The characters he created were human ones, they were flawed, they struggled and fought and loved and lost. For example: Luke to understand where he came from and what his power was; Leia, in part, the same; Han to get his rocks off with Leia and prove to himself he wasn’t as selfish as he first came across. And so on.

That is why if you’re going to do a bunch of new films it’s essential you cast Anakin Skywalker as well as you possibly can. All the background about separatists, the republic, the senate, political power plays – that’s all it is, background. These films have always been about the Jedi and the Force and the whole story arc (in this case) revolves around Anakin and his journey from light to dark. It’s what we all want to see and have paid our bucks for – everything else is window dressing, to a degree.

Anakin

So why couldn’t he deliver?

Now I know it’s easy to condemn and hard to create but honestly, how did Hayden Christensen get the part? He had been in precious little before Star Wars and his career after has been sparse to say the least. I know some say these films are career killers; for example in the Family Guy version Peter Griffin (playing Han Solo) introduces himself by saying ‘I’m Captain of the Millennium Falcon and the only actor whose career isn’t killed by this movie’.

I suppose this was more true of the original trilogy than these modern prequels, established actors like Ewan Mcgregor and Liam Neeson all fared well post-Star Wars, but then they didn’t have the heavy burden of being the lead. They propped him up as best they could, but it wasn’t enough. Not nearly enough.

Just to put things in perspective: I didn’t buy the way Christensen attempted to portray inner conflict as he wrestled between the two sides of the Force; I felt his delivery of dialogue was stilted and forced; I felt he lacked chemistry with Natalie Portman’s character; I didn’t like his stupid haircut; I didn’t like the fact that a number of his scenes had a homoerotic undercurrent, he had more chemistry with Ewan Mcgregor’s Obi-Wan for Christ’s sake.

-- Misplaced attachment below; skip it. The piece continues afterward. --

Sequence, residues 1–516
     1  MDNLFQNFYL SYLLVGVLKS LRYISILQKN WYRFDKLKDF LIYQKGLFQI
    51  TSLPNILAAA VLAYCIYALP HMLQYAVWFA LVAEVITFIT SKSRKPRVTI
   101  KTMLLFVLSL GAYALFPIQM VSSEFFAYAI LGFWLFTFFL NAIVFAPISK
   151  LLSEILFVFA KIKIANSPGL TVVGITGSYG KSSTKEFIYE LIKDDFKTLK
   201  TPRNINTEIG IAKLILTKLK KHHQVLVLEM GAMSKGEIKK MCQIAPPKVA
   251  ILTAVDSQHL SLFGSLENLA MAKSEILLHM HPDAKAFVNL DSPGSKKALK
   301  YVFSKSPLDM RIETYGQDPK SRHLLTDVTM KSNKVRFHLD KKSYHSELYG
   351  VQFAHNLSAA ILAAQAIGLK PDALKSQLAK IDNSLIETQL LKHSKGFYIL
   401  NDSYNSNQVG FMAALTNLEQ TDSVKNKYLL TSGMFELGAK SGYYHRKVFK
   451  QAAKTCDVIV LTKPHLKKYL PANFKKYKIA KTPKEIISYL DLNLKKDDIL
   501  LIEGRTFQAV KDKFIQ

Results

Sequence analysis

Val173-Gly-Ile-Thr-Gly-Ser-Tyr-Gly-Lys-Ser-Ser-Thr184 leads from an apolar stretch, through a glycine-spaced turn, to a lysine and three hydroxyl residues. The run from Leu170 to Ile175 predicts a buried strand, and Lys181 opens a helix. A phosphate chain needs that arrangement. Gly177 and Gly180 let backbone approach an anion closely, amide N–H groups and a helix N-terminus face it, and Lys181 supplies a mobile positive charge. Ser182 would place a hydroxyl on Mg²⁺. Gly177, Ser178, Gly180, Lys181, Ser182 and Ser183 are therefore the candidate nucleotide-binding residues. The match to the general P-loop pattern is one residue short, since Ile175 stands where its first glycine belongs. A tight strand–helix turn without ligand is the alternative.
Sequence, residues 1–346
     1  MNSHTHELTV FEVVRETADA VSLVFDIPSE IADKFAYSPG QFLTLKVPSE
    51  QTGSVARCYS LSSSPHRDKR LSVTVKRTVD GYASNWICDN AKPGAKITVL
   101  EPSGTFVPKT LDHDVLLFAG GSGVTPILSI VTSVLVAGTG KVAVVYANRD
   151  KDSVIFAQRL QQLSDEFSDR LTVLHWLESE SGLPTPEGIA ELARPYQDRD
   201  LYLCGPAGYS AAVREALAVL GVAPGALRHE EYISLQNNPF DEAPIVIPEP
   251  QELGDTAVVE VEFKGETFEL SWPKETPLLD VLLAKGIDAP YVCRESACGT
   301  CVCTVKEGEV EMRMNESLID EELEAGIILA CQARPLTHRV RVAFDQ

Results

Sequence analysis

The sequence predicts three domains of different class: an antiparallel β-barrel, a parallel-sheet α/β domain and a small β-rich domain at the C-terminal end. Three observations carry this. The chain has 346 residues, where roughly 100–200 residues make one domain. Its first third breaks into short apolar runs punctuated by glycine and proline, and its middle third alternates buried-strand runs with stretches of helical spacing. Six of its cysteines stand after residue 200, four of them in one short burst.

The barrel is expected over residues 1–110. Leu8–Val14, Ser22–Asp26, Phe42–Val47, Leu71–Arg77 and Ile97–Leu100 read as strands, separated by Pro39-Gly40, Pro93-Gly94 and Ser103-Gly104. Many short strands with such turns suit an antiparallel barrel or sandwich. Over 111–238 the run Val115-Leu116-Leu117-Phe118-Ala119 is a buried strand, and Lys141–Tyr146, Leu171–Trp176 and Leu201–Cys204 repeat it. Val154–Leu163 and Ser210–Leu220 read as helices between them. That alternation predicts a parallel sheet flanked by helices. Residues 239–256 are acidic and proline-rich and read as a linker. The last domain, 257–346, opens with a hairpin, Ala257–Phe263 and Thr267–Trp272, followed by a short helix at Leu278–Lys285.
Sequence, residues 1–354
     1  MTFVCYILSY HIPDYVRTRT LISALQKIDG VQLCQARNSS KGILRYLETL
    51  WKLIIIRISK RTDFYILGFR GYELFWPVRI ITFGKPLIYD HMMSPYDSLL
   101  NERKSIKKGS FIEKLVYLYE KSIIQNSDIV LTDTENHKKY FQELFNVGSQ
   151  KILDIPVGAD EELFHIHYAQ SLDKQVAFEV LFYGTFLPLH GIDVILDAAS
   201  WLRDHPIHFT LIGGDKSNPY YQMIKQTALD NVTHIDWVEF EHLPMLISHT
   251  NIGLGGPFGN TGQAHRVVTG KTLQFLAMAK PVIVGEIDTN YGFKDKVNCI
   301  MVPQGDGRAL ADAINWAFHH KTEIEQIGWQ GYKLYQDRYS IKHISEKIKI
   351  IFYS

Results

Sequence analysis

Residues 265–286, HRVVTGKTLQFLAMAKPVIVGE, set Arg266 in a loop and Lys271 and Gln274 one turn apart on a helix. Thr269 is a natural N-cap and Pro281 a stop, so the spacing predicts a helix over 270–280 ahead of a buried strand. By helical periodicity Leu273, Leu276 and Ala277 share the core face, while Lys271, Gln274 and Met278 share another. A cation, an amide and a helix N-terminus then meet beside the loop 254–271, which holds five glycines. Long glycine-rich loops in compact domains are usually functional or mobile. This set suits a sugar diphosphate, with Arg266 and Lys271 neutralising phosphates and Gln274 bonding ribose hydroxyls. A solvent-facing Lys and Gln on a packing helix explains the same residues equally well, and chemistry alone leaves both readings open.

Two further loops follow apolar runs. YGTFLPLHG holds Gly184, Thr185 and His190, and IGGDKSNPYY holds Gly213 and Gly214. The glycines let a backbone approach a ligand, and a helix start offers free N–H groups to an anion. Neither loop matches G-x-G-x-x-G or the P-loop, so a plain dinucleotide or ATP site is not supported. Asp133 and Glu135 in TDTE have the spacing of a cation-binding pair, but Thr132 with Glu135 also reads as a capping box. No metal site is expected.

To be serious for a second, one of the few scenes in which he actually convinced was his final battle with Kinobe on the river of lava. Much closer tonally to the original films… dark, brooding, dramatic and intense. In that respect maybe their bromance helped, ‘I loved you Anakin!’ (Ahem, like a brother.)

Who else?

It would be fascinating (or infuriating) to know which up-and-coming actors auditioned for the role at the time and were rejected. Given Attack of the Clones came out in 2002 guys breaking out then included: Jack Gyllenhaal (Donnie Darko, 2001), James Franco (Spider-man, 2002), Christian Bale (American Psycho, 2000) and Ryan Phillippe (Way of the Gun, 2000).

Christian Bale wasn’t right as he was probably too old and just doesn’t seem the right fit, however there’s a few scenes in American Psycho that make you think maybe he could have done something pretty interesting with the role. Ryan Phillippe is similar in appearance to Christensen and showed great inner conflict in Way of the Gun with a surprising level of emotional depth. (Incidentally, it’s a great film and worth a watch if you get the chance.)

Then there’s Jake Gyllenhaal. He would have been a brave albeit unconventional fit – his creepy and tormented downward spiral in Donnie Darko showed he could have handled the character’s journey from light to dark. And James Franco may have been an interesting choice too, as he’s since showed in his career he likes to take on alternative types of roles, such as 127 Hours and Spring Breakers.

attackoftheclonesbdcap8_original

In a galaxy far, far away

Anyway, none of this matters. We’re stuck with Christensen as Anakin – so as a rule of thumb, if you’re bored one day and fancy a Star Wars fix, one that has classic scenes, tension, dread, adventure, joy and wonder – stick with the originals. If you want glossy CGI action aimed at kids, Jar Jar sodding Binks refusing to shut up and Samuel L. Jackson flashing his purple light sabre around the place, go with the modern prequels.

But then, if you’re reading this blog you’re most likely film fans (you clever lot) and know this already. In fact, maybe I’m just taking this all too seriously and had better go watch the Family Guy version to lighten up. May the farce be with you.

PS Read my review of Star Wars: The Force Awakens here.
http://mikeysfilmreviews.com/2015/12/22/star-wars-the-force-awakens-review/